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The Pentagon's Papers

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The Pentagon's Papers, not to be confused with THE Pentagon Papers, were left at Starbucks at Connecticut Avenue and R Street NW in Washington, D.C., on Sunday, March 28, 2004, presumably by a Bush administration or Department of Defense staffer on his/her way to a meet-up with Secretary of Defense Donald Rumsfeld. There are four pieces of paper, writes Al Kamen on March 31, 2004, for the Washington Post: "One is stationery with the heading 'Office of the Secretary of Defense,' and right under that 'The Special Assistant.' ... It has a penciled map of directions from the Pentagon to Defense Secretary Donald H. Rumsfeld's house in Northwest Washington. Another sheet says, 'Eric's Telephone Log.' Someone has written 'Conf. call' at the top and some notes, some in partial shorthand, on one side. These apparently were taken by Eric." [1]

Kamen continues: [2]

"The notes say: 'Took threat v seriously and then segue to wh we have been doing. Rise above [ Richard A.] Clarke.
"'Emphasize importance of 9/11 commission and come back to what we have been doing.
"'[Commission member Jamie] Gorelick pitting Condi [ Condoleezza Rice] v. [Deputy Secretary of State Richard] Armitage
"'Our plan had military plans to attack Al Q -- called on def to draw up targets in Afg -- develop mil options.'
"There's an underlined notation 'DR' in the margin and a quotation, apparently from DR, perhaps Rumsfeld, to 'Stay inside the line -- we dont need 2 ruff [or puff] this at all. we need 2b careful as hell about it. This thing will go away soon and what will keep it alive will be one of us going over the line.'
"A third sheet is dated Saturday, 4:30 p.m., and headed 'Possible Q's for Sunday Talk Shows,' but there are no answers.
"A fourth sheet describes actions taken to change a policy of treating terrorism as a law enforcement matter to treating it as war."

And whom, exactly, found these papers? Well, Kamen writes "Our good citizen, no dummy he, concluded these were significant papers and should be turned over to the appropriate people. So that would be the Pentagon or the White House?

"Oh, no," Kamen says, "He turned them over to none other than that most left-leaning think tank, Center for American Progress (CAP), headed by none other than former Bill Clinton chief of staff John D. Podesta."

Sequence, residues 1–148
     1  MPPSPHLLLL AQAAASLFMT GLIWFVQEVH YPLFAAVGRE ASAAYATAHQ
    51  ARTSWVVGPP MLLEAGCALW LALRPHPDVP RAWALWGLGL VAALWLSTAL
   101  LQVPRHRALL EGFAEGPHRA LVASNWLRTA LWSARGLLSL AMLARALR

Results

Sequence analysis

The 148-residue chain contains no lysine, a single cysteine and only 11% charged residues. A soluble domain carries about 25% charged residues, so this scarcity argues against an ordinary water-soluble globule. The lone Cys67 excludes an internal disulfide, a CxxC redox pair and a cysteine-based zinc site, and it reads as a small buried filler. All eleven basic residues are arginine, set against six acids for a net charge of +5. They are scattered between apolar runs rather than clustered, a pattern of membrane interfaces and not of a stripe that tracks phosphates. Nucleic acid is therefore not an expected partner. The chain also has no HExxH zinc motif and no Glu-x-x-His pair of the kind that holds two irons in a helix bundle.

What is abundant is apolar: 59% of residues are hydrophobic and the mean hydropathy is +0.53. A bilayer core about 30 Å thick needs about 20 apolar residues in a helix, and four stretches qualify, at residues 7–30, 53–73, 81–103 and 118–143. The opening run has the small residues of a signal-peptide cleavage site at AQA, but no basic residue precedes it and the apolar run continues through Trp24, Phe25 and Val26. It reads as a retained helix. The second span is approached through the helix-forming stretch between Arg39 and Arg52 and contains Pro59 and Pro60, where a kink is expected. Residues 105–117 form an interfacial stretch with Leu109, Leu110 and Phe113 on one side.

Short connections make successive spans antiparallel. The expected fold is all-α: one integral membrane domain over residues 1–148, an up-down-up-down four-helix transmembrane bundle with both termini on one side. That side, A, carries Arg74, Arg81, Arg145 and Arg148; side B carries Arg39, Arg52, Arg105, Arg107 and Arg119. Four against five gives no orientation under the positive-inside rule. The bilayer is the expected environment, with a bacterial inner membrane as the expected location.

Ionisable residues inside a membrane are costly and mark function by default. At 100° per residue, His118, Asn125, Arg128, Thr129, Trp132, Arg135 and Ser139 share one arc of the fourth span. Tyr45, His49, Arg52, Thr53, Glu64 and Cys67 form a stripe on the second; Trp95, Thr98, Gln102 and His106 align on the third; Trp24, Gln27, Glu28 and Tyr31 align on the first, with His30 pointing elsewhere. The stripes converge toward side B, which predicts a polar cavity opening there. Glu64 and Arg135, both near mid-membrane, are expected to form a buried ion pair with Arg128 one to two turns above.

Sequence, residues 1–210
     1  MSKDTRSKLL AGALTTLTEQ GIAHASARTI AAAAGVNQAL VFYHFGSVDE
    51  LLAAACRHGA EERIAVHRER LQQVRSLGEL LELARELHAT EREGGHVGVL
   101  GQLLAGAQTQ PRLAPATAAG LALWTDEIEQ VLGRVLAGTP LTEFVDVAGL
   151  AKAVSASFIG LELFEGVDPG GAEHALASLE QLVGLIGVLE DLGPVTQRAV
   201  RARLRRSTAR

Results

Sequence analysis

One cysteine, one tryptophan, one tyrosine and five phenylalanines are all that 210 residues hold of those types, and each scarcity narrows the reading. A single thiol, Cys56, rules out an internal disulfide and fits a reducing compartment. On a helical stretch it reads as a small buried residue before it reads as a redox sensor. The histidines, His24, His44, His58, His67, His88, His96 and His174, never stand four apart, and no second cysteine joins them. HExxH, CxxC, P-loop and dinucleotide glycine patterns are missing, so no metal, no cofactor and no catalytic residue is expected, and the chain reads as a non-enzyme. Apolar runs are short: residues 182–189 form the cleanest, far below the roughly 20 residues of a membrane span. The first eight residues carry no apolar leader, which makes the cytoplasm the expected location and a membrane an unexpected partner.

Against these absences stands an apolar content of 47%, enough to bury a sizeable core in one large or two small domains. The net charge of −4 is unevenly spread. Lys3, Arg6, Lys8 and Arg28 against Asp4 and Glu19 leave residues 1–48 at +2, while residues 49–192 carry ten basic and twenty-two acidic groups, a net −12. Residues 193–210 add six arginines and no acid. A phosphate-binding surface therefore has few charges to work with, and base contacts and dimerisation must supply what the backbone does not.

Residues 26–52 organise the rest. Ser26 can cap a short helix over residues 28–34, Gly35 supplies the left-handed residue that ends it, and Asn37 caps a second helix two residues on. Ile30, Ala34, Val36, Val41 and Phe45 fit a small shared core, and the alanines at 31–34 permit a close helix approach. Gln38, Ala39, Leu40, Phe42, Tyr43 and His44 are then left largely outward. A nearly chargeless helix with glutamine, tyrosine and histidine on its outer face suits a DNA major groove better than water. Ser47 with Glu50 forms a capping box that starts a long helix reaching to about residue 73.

One of the Center's web pages headlines on March 31, 2004, with "Found at Starbucks: The Pentagon's Papers": [3]

"As most of America slept early last Sunday morning, the Bush Administration hustled and bustled to prepare for the Sunday morning talk shows - among others Colin L. Powell was appearing on Face the Nation and Donald Rumsfeld was booked on Fox News Sunday. Condi Rice was not scheduled to appear until prime time, when she would make a star appearance on CBS' 60 Minutes - the last in a long line of media appearances that caused 9/11 Commissioner Richard Ben Veniste to quip that 'Condi Rice has appeared everywhere but at my local Starbucks.'
"Well, others in the Bush administration did, apparently, make an appearance at the local Starbucks. And as the Washington Post reports today, one of them - obviously readying himself to prep Secretary of Defense Donald Rumsfeld - left his notes on the table. Talking points, hand-written notes on spin tactics, and a hand-drawn map to the Secretary's house were found by a resident of DuPont Circle, who made them available to the Center for American Progress. The name of said resident is being withheld at his request, as he fears that he may be accused on national television of being 'disgruntled'."

The exact images of The Pentagon's Papers are available as a downloadble in pdf format at CAP. The map to Rumsfeld's house was "redacted by The Center for American Progress in the interest of national security."

CAP also provides "Possible Answers for Sunday Talk Shows," which is contained within the pdf file.


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